In New Jersey, How Homeland Security Dollars Are Doled out Starts to Change

A federal grant that fosters collaboration among six North Jersey counties was slashed by 40 percent this year -- at a time when those counties are independently spending their pots of homeland security money in wildly divergent ways.

State officials say they have used the Urban Area Security Initiative grant to link Newark and Jersey City with nearby Bergen, Morris, Passaic and Union counties to address regional targets such as roadways and stadiums.

But the federal government has cut funding for the regional collaboration from nearly $32 million in 2004 to $19.3 million in 2005.

Meanwhile, the urban security grant increased 30 percent nationally.

"In some cases, we reduced the scope of a project," said Scott DiGiralomo, deputy director of the Morris County Office of Emergency Management, who also heads the UASI group.

In one case, $1 million that was allocated for protecting some health care facilities was cut in half, he said.

"A couple of projects we cut out completely," DiGiralomo said.

Counties that border one another have been spending hundreds of millions of dollars in federal homeland security money with little cooperation. Documents obtained by The Record show discrepancies in the amount of money spent by Bergen, Passaic and Morris counties on basic items, such as stretchers and chemical manuals. Out of the $226 million in federal homeland security funding that it oversees, the state Attorney General's Office distributes 80 percent directly to all 21 counties.

On Wednesday, Rep. Rodney Frelinghuysen, R-Harding, called on state Attorney General Peter Harvey to exercise more oversight and to create a coordinated plan for how counties are spending the money.

"In some ways he needs to be providing a greater amount of planning direction and vision," Frelinghuysen said.

Roger Shatzkin, a spokesman for Harvey, said the state has a vision and a plan that are modeled after the urban area initiative of regional alliances.

"We're moving toward an unprecedented cooperative system in what is essentially a home-rule state," Shatzkin said. "This is a transition we understood couldn't be done overnight."

The state also has come under fire from Frelinghuysen and other lawmakers for being slow to spend the money. Overall, less than half of the state's $303 million in homeland security funding has been spent.

The Attorney General's Office has argued that it is more time-consuming -- but ultimately more effective -- to let the counties and their local emergency responders decide what to buy.

Acting Governor Codey has ordered a review of the spending process to see how it could be improved, a spokesman said Wednesday.

"This needs to be coordinated with local officials and we need to be sure that we are buying the necessary items," said the spokesman, Sean Darcy. "But that doesn't mean we should be running out and buying things."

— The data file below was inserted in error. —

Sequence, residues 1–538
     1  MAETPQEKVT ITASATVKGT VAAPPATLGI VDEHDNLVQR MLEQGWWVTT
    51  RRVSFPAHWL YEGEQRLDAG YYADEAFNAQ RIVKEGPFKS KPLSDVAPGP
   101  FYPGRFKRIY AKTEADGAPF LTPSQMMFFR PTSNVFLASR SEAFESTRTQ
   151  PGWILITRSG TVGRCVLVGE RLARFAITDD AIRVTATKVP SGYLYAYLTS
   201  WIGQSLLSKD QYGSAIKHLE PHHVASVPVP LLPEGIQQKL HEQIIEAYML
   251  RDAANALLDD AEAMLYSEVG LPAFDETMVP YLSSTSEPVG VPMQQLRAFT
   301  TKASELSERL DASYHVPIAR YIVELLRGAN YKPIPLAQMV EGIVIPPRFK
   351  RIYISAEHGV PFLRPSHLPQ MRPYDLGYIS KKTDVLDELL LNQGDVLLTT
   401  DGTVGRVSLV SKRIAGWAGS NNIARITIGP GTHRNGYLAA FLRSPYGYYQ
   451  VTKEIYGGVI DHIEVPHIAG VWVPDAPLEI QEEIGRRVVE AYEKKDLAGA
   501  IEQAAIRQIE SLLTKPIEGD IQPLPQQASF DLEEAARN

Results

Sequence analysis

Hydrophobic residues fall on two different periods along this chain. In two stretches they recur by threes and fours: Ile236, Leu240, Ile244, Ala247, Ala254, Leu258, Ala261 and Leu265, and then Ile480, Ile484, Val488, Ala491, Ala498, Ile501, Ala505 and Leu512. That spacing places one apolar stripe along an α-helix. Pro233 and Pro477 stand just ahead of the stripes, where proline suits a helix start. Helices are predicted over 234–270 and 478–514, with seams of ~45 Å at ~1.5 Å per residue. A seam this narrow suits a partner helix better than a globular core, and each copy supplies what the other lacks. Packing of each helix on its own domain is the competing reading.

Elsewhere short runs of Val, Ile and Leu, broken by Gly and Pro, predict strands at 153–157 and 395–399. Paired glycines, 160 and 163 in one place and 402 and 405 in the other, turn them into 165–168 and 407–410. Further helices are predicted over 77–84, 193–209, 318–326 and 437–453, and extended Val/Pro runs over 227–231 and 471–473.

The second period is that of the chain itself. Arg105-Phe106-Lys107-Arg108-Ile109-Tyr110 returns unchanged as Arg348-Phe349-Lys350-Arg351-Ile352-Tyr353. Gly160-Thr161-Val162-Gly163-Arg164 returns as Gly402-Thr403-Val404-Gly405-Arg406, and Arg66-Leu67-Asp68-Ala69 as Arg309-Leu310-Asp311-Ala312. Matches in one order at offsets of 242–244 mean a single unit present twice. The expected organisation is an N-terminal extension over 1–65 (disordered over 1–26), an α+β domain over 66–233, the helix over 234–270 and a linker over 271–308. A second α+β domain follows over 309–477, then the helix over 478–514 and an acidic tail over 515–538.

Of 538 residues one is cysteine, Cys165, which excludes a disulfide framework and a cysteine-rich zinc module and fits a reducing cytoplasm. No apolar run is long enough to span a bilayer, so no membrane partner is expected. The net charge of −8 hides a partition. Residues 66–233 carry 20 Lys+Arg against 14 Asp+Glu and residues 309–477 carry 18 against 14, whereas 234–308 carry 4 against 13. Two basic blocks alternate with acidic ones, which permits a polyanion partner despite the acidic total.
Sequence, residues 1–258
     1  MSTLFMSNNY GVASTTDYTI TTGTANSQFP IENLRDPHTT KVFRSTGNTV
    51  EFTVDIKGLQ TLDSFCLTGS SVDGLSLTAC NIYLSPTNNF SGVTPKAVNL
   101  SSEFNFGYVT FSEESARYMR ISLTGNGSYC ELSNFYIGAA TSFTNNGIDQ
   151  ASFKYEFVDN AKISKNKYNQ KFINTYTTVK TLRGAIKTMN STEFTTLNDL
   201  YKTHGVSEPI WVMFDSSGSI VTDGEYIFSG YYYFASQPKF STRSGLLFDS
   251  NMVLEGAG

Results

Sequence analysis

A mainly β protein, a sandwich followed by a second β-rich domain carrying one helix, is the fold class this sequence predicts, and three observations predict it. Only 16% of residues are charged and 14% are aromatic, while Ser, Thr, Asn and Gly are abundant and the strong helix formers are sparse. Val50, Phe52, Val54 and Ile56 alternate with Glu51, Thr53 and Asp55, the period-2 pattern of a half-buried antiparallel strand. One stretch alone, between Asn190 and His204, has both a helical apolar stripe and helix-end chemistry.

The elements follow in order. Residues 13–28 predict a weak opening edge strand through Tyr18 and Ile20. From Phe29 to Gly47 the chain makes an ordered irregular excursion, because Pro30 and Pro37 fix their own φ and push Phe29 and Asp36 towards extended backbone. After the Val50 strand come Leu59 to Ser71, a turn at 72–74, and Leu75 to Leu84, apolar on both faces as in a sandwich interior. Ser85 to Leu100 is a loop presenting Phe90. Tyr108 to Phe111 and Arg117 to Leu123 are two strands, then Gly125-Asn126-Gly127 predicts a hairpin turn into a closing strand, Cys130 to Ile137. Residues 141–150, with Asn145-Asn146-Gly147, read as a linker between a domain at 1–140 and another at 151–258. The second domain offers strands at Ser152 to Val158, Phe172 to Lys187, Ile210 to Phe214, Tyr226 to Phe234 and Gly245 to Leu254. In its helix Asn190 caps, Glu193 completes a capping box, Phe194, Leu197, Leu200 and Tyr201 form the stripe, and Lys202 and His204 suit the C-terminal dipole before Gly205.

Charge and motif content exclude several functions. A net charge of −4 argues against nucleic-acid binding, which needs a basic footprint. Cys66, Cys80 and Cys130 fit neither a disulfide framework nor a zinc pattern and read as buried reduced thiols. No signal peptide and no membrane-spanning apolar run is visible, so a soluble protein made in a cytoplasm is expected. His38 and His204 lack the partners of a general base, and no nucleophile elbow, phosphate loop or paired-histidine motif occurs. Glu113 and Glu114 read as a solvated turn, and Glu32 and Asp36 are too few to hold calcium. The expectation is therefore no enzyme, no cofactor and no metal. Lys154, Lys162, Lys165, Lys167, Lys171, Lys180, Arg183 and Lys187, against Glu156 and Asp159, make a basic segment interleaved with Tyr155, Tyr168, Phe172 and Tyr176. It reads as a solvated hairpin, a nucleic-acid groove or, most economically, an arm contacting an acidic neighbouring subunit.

Although the state has tried to use UASI grants to join counties on regional projects, even those funds have fallen victim to a slow process. Newark and Jersey City were so behind in accounting for money allocated to them under UASI that the state last month threatened to redirect the unused funds, said Bob Caccese, who oversees the state's grant unit.

Two days later, the cities had spent or allocated $4 million, said Caccese.

"They're lazy about reporting," Caccese said. "They had put orders in and they hadn't told us."

The UASI grant focuses on securing transportation routes, chemical and drug manufacturers, hospitals, water reservoirs and places that draw big crowds, like malls and sports complexes. Meetings involve 70 to 100 people, with the Newark fire chief sitting next to a volunteer firefighter from Morris County, DiGiralomo said.

Grant money has been used to operate a helicopter that the U.S. military is giving to Newark, as well as to pay for a pair of million-dollar boats that are scheduled to be docked in Newark and Jersey City by late fall.

In addition, UASI funds in 2004 paid for a communication tower in Essex County to support the region, as well as two human patient simulators for $696,000.

The group also spent $3.2 million on two large foam delivery systems for Morris County and Elizabeth fire agencies and six smaller systems for other fire departments.

While state officials say they're working toward establishing communication between regional groups, the government is stepping in to give guidance on how to spend the $12 billion in federal homeland security grants that have flowed into state and county coffers since 2002, said spokesman Marc Short.

In April, the Department of Homeland Security issued its first "National Preparedness Goals" statement, which aims at giving states and municipalities guidelines for how to best spend their homeland security money.

The goals encourage states to expand regional collaboration and to strengthen communication between agencies. They also call on states to build up chemical, biological, radiation, nuclear and explosive weapons detection.

"The federal level will be providing more guidance, there's no doubt about that," Short said.